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Minimally invasive surgery associated with worse survival among women with cervical cancer

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November 12, 2018

Women with early-stage cervical cancer who underwent minimally invasive radical hysterectomy had higher rates of recurrence and worse survival outcomes than women who had open surgery, according to results of two studies published in The New England Journal of Medicine.

“Minimally invasive surgery was adopted as an alternative to open radical hysterectomy before high-quality evidence regarding its impact on survival was available,” J. Alejandro Rauh-Hain, MD, assistant professor in the department of gynecologic oncology and reproductive medicine and assistant professor in the department of health services research at The University of Texas MD Anderson, said in a press release. “[We] were surprised to find that, in our respective studies, surgical approach negatively affected oncologic outcomes for women with early-stage cervical cancer.”

About 13,000 women are diagnosed with cervical cancer each year in the U.S. Radical hysterectomy with pelvic lymphadenectomy remains the standard recommendation for women with early-stage disease.

Rauh-Hain and colleagues conducted a retrospective cohort study that included data on 2,461 women who underwent radical hysterectomy for stage IA2 or IB1 cervical cancer between 2010 and 2013. About half of the women (n = 1,225; 49.8%) had minimally invasive surgery.

Median follow-up was 45 months.

Propensity score-weighted analyses showed the risk for death within 4 years was 9.1% among women who had minimally invasive surgery and 5.3% among those who underwent open surgery (HR = 1.65; 95% CI, 1.22-2.22).

Between 2000 and 2006, prior to adoption of minimally invasive radical hysterectomy, the 4-year relative survival rate for women who underwent radical hysterectomy for cervical cancer remained stable, with an annual percentage change of 0.3% (95% CI, –0.1 to 0.6).

The adoption of minimally invasive surgery coincided with a decline in the 4-year survival rate of 0.8% (95% CI, 0.3-1.4) per year after 2006 (P for trend = 0.01).

Rauh-Hain and colleagues did not investigate why minimally invasive hysterectomy might be associated with shorter OS. However, researchers theorized that uterine manipulators — used to retract and visualize the pelvic area during the procedure — may spread microscopic tumor cells.

They also theorized that surgeons who performed the minimally invasive hysterectomies may have been more experienced with open surgery.

“The overall prognosis for women with early cervical cancer after minimally invasive or open hysterectomy is excellent,” study author Jason D. Wright, MD, associate professor of obstetrics and gynecology at Columbia University Vagelos College of Physicians and Surgeons and chief of gynecologic oncology at NewYork-Presbyterian/Columbia University Irving Medical Center, said in the release. “In either case, they should get periodic checkups and — if they experience any symptoms, such as pain or changes in vaginal bleeding — they should consult their gynecologic oncologist.”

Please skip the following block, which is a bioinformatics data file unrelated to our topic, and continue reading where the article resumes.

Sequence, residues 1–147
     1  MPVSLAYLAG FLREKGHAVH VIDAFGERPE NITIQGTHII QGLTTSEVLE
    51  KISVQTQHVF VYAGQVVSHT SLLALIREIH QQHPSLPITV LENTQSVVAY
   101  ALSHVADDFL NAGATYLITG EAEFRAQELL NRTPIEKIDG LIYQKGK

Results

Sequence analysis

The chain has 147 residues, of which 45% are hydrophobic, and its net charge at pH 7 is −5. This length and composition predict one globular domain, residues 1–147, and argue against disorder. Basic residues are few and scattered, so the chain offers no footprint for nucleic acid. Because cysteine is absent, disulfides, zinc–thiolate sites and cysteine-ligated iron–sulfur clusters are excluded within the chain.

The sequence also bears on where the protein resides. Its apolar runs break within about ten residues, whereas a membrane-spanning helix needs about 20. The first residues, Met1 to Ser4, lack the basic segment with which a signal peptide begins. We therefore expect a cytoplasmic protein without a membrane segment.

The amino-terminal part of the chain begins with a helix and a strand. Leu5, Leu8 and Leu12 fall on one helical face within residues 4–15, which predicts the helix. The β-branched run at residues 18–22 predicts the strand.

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In the other study, Pedro Ramirez, MD, professor of gynecologic oncology and reproductive medicine at The University of Texas MD Anderson Cancer Center, and colleagues sought to determine whether minimally invasive radical hysterectomy was equivalent to the open approach in terms of DFS.

The multicenter phase 3 trial included 631 women (mean age, 46 years) with early-stage cervical cancer (stage IB1, 91.9%).

Researchers randomly assigned 319 of the women to minimally invasive surgery (84.4% laparoscopy, 15.6% robot-assisted). The other 312 women underwent open surgery.

Minimally invasive surgery appeared associated with poorer DFS rates than open surgery at 3 years (91.2% vs. 97.1%; HR = 3.74; 95% CI, 1.63-8.58) and at 4.5 years (86% vs. 96.5%). This trend persisted after adjustment for age, BMI, disease stage, lymph node involvement and lymphovascular invasion.

Women who underwent minimally invasive surgery also were less likely to achieve 3-year OS (93.8% vs. 99%; HR = 6; 95% CI, 1.77-20.3).

Researchers stopped the study in 2017 due to the noted safety signal.

The researchers acknowledged study limitations given it did not reach its final intended enrollment.

“Our study reinforces the need for more randomized clinical trials in the field of surgery,” Ramirez said in a press release. “Too often, success of a new intervention in surgery is measured by retrospective data. We always need to test and measure our procedures to determine what is best for our patients.”

Ramirez also emphasized the need for more research to evaluate the effects of minimally invasive surgery in other scenarios where the approach is commonly used. – by John DeRosier

R eference s :

Melamed A, et al. N Engl J Med. 2018;doi:10.1056/NEJMoa1804923

Ramirez P, et al. N Engl J Med. 2018;doi:10.1056/NEJMoa1806395

Disclosure s : The authors report grants or other support from American Association of Obstetricians and Gynecologists Foundation, Foundation for Women’s Cancer, Jean Donovan Estate, Medtronic, National Institute of Child Health and Human Development, NCI, Phebe Novakovic Fund and a departmental research fund at The University of Texas MD Anderson Cancer Center. Wright reports consultant fees from Clovis Oncology and Tesaro. Ramirez and Rauh-Hain report no relevant financial disclosures. Please see the studies for all other authors’ relevant financial disclosures.

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